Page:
But steambox/steam machine is just a PC. It is a lot more than gaming machine. I don't think it is supposed to compete with consoles.
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#8
tehehe
by: Darklyspectre
...This is just a ordinary PC in a smaller case running on steamOS. this is hardly a steambox.
But that what steambox is - just a PC with steam preinstalled and with valve controller (steamos is optional). What did you expect? Another console? It is not.
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#9
Easy Rhino
Linux Advocate
No thanks. I will build my own for $500 and install the OS and set everything up at the Linux level myself.
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#10
Ikaruga
by: tehehe
But steambox/steam machine is just a PC. It is a lot more than gaming machine. I don't think it is supposed to compete with consoles.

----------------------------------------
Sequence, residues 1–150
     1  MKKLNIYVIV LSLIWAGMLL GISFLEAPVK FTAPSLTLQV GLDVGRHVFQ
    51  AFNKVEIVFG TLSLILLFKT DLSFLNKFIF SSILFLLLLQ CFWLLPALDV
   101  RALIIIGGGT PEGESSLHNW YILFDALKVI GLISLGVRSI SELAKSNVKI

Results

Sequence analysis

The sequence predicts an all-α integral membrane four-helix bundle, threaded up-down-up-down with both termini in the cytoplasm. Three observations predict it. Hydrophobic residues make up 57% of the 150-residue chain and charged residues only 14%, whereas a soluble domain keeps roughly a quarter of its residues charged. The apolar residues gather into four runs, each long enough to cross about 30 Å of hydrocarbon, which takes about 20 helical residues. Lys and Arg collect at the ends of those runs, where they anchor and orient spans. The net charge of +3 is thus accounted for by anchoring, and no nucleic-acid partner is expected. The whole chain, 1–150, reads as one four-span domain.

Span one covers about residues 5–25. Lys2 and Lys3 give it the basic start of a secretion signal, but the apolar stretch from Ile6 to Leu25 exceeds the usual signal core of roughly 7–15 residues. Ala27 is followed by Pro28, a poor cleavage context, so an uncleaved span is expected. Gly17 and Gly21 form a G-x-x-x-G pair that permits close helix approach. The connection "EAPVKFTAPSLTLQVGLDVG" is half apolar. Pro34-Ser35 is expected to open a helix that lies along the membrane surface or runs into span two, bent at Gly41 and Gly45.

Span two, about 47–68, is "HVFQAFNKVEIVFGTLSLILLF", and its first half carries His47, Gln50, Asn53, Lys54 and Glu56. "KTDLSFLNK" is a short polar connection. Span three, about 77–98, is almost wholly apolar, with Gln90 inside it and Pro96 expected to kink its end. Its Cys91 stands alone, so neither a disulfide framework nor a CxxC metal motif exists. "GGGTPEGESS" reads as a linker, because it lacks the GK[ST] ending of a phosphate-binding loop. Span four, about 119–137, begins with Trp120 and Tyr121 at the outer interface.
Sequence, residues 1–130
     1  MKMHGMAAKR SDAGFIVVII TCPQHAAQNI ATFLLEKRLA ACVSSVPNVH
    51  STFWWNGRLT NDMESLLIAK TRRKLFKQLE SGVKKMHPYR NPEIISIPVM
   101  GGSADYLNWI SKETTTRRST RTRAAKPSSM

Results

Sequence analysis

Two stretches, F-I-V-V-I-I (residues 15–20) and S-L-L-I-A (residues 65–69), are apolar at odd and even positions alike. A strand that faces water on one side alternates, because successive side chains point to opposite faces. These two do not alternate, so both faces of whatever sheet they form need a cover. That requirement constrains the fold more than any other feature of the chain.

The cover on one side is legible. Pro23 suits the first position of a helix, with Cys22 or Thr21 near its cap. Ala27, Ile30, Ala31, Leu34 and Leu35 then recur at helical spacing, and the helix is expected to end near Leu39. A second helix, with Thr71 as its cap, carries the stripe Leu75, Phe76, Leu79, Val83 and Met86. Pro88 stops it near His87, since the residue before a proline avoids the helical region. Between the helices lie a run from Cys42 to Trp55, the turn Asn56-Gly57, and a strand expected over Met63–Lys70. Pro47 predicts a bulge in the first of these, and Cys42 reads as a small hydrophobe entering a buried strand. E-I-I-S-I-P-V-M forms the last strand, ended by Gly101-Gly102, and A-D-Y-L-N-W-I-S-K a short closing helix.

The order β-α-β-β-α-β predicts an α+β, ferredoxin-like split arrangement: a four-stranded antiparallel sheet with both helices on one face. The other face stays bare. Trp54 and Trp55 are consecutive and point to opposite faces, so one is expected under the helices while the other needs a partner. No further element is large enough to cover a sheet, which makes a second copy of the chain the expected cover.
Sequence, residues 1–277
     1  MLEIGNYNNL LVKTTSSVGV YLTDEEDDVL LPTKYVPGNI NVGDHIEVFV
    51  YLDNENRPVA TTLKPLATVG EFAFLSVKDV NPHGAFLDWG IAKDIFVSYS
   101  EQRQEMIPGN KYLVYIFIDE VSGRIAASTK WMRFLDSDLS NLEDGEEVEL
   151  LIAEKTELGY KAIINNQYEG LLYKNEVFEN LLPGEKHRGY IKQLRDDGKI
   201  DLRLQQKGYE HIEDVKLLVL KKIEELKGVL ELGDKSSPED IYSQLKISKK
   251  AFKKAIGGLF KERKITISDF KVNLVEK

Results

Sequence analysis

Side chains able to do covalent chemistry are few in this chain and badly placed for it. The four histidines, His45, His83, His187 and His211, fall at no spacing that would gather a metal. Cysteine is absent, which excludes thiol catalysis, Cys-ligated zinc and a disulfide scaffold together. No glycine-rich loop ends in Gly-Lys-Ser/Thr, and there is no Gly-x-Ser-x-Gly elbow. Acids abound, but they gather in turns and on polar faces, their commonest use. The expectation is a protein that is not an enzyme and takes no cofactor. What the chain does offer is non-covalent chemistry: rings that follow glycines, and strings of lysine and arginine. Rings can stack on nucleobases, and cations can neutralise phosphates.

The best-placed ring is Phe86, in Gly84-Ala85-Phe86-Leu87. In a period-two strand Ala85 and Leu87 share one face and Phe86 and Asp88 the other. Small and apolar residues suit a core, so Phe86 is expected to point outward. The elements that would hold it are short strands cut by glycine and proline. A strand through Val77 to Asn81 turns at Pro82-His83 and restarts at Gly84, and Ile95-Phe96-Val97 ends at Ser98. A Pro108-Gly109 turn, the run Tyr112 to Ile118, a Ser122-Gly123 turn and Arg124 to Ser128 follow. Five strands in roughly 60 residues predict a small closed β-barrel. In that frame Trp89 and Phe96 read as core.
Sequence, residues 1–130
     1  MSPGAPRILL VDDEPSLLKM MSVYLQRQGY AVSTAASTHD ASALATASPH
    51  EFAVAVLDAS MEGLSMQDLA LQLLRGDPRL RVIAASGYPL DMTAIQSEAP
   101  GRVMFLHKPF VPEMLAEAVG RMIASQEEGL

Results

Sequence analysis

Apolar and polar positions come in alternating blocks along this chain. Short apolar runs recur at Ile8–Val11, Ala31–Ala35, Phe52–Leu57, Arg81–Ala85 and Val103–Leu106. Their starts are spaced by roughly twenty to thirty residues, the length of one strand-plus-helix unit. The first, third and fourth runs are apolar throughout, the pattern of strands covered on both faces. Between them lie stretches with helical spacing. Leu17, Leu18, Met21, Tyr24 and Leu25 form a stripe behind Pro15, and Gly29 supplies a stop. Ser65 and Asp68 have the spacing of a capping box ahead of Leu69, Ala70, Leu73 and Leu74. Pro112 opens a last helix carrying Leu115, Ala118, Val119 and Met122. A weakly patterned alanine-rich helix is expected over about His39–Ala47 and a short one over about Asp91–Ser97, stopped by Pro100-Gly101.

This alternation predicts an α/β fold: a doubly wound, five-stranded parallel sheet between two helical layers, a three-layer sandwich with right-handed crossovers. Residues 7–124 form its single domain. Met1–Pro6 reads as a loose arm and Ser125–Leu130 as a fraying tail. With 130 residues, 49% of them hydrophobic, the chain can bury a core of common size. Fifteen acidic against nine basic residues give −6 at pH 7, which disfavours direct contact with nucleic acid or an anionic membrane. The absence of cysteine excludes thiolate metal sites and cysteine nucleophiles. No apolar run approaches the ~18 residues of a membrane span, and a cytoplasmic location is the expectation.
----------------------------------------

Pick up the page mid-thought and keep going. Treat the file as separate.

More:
Those who understand this can just buy their hardware of choice and install everything as they see fit. So yes, if Valve wants to set foot in the living room, they will find themselves on a territory already occupied by latest-gen consoles. A very aggressive pricing would be paramount in such competition imho.
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#11
Easy Rhino
Linux Advocate
by: Ikaruga
Those who understand this can just buy their hardware of choice and install everything as they see fit. So yes, if Valve wants to set foot in the living room, they will find themselves on a territory already occupied by latest-gen consoles. A very aggressive pricing would be paramount in such competition imho.
Well the brilliant thing is Valve doesn't make any money off of those third party steam machines. Valve is just providing another platform for people to purchase games on and provide nice media center software. I can't wait to build a tight little box for steam and set it in my living room.